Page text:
“Their interesting properties—a semiconducting framework structure and ordered pores—make them exciting candidates for the capture and conversion of [carbon dioxide] molecules into methanol which can then be used as a source of green energy with the help of sunlight and water,” Vinu said.

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Powering Batteries in Harsh Environments

Researchers across the globe have been investing more and more effort into developing new materials to power the next generation of devices. With the population growing and energy demands rising, the need for smaller, faster, and more efficient batteries is more prevalent than ever.

While some researchers are attempting to develop complex material combinations to tackle this issue, researchers from Rice University are going back to basics by developing a clay-based electrolyte.

Utilizing clay as a primary material in a lithium ion battery could address current issues that the battery has with high temperature performance. With clay, the researchers were able to supply stable electrical power in environments with temperatures up 120°C. The addition of clay to the electrode could allow lithium ion batteries to function in harsh environments including space, defense, and oil and gas applications.

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New Approach to Materials Design

jz-2015-016605_0003A novel development from Virginia Tech aims to “significantly accelerate materials discovery,” all while combating the pressing global warming issue.

The new approach allows for efficient chemical conversions through a model that can predict novel alloy materials in a fast and accurate manner.

“This is the first example of learning from data in catalysis. We anticipate that this new research approach will have a huge impact in the future of materials design,” said Honglian Xin, lead author of the study.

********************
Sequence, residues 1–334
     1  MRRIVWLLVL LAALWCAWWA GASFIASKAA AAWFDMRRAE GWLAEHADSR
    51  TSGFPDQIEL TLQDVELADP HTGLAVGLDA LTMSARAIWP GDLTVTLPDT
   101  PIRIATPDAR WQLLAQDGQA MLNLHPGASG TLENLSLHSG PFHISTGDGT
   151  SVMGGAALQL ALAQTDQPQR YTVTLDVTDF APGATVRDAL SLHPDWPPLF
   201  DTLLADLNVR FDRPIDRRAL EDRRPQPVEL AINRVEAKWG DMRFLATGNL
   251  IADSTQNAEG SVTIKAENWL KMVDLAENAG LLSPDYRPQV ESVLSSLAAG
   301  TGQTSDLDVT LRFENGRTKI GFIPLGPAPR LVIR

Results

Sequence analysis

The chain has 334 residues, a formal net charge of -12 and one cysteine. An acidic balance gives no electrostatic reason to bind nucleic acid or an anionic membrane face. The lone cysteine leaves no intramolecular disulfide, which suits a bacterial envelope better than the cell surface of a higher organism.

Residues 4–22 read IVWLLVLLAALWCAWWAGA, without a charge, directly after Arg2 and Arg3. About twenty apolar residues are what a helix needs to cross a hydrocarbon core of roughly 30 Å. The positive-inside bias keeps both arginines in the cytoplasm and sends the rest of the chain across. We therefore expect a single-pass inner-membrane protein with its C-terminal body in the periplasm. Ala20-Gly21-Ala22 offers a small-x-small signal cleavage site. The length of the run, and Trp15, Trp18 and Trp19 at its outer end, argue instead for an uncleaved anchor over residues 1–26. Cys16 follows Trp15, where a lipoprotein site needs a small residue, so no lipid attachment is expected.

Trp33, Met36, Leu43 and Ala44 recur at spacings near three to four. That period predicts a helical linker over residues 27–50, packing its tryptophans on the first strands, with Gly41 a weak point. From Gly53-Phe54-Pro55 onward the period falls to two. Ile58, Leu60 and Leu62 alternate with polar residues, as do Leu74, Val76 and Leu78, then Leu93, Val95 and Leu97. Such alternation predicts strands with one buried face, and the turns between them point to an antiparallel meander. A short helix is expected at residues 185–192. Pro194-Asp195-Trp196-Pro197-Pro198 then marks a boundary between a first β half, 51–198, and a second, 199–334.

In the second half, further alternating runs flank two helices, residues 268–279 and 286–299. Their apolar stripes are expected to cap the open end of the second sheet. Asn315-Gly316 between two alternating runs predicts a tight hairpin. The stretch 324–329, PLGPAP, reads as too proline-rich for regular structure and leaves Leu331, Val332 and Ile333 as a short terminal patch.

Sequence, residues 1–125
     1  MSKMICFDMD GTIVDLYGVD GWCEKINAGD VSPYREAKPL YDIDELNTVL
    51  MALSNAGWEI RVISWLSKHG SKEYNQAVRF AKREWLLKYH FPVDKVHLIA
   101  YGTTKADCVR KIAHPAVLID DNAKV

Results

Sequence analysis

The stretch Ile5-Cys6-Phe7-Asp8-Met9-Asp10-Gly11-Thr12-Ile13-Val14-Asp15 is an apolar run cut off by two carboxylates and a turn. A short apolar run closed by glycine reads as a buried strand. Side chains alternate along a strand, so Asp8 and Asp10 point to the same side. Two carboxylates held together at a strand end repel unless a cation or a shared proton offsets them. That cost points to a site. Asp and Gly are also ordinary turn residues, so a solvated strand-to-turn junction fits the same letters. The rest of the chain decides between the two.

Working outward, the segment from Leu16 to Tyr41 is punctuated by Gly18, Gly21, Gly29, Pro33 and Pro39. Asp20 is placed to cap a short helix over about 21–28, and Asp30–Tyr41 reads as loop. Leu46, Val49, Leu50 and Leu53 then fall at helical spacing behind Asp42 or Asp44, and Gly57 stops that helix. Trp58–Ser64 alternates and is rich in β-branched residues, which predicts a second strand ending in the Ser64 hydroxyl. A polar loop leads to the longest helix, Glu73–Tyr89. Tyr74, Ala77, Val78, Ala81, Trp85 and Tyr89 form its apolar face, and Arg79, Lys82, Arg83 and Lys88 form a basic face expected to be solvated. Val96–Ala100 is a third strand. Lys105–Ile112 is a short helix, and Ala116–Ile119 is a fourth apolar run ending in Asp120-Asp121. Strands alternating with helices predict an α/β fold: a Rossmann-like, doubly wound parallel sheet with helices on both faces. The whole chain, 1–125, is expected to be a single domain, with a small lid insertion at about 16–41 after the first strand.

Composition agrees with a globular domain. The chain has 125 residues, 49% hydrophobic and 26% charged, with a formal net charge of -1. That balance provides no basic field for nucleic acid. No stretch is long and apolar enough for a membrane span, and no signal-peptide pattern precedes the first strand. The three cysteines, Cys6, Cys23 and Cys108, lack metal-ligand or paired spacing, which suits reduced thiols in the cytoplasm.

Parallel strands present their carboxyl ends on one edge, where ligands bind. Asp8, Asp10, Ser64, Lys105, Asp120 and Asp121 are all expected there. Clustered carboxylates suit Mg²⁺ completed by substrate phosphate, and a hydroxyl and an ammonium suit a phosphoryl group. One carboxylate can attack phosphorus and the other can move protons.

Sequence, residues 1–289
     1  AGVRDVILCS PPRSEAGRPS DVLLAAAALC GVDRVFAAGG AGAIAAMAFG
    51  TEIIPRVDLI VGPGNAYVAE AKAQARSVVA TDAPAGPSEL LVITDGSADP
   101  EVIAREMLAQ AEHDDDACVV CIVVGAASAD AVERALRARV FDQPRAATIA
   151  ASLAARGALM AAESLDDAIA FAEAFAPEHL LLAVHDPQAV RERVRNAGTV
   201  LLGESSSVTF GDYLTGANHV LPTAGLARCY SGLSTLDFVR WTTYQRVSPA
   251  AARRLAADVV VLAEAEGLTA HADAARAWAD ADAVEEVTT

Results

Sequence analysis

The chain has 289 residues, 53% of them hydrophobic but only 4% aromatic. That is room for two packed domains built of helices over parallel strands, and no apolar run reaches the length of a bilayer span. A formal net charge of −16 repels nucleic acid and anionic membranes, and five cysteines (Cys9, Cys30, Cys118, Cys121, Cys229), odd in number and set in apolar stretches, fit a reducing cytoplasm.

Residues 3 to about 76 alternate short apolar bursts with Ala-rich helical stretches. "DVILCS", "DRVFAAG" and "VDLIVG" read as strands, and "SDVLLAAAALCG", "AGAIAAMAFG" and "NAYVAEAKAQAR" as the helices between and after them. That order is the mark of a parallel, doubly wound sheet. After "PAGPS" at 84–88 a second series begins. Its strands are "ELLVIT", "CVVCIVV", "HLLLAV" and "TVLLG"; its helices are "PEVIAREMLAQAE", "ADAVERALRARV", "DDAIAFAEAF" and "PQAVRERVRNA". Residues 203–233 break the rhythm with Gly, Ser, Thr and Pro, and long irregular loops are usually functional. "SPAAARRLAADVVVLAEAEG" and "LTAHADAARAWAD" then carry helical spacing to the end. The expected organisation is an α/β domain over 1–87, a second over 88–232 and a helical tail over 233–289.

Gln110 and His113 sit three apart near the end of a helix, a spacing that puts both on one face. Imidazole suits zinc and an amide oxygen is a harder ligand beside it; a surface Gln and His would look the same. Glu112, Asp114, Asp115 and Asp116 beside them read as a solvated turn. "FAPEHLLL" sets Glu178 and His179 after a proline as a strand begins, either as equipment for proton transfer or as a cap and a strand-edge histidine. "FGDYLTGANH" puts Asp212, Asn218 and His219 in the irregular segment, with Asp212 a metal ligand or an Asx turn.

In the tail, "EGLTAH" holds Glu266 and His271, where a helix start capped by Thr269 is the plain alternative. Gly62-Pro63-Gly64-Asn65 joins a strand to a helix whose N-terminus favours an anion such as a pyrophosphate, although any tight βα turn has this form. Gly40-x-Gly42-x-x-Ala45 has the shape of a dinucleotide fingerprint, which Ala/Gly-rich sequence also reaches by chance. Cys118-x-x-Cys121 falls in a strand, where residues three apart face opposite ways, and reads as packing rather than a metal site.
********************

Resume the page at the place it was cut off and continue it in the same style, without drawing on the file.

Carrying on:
Catalysts are hugely important in industry, with up to 90 percent of industrial chemicals being made from catalysts. These catalysts range from acids to nanoparticles, and even make up some enzymes in the human body.

Scientists have previously worked to improve catalysts through mixing metals with very precise atomic structures. While the results of these studies have led to metals with promising physical and chemical properties, the process has been costly and time consuming.

This from Virginia Tech:

That is why [the researchers] decided to use existing data to train computer algorithms to make predictions of new materials, a field called machine learning. The approach captures complex, nonlinear interactions of molecules on metal surfaces through artificial neural networks, thus allowing, “large scale exploration alloy materials space,” according to their article.

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The new hybrid sol-gel material provides an electrical energy storage capacity rivaling some batteries.Image: John Toon/Georgia Tech

The new hybrid sol-gel material provides an electrical energy storage capacity rivaling some batteries.
Image: John Toon/Georgia Tech

The future of electric vehicle and defibrillator technologies depend largely on new, innovative energy storage research and improving device power densities. With the high demand for more powerful, efficient energy devices, the researchers from Georgia Tech believe they may have developed what could be the answer to powering large-scale devices.

The team has developed a new capacitor dielectric material. This capacitor—developed from a hybrid silica sol-gel material and self-assembled monolayers of common fatty acid—has the potential to surpass some of today’s conventional batteries in the field of energy and power density.

If the researchers can scale up their current laboratory sample, the new capacitors will be able to provide large amounts of current quickly to large-scale applications.

This from Georgia Tech:

The new material is composed of a silica sol-gel thin film containing polar groups linked to the silicon atoms and a nanoscale self-assembled monolayer of an octylphosphonic acid, which provides insulating properties. The bilayer structure blocks the injection of electrons into the sol-gel material, providing low leakage current, high breakdown strength and high energy extraction efficiency.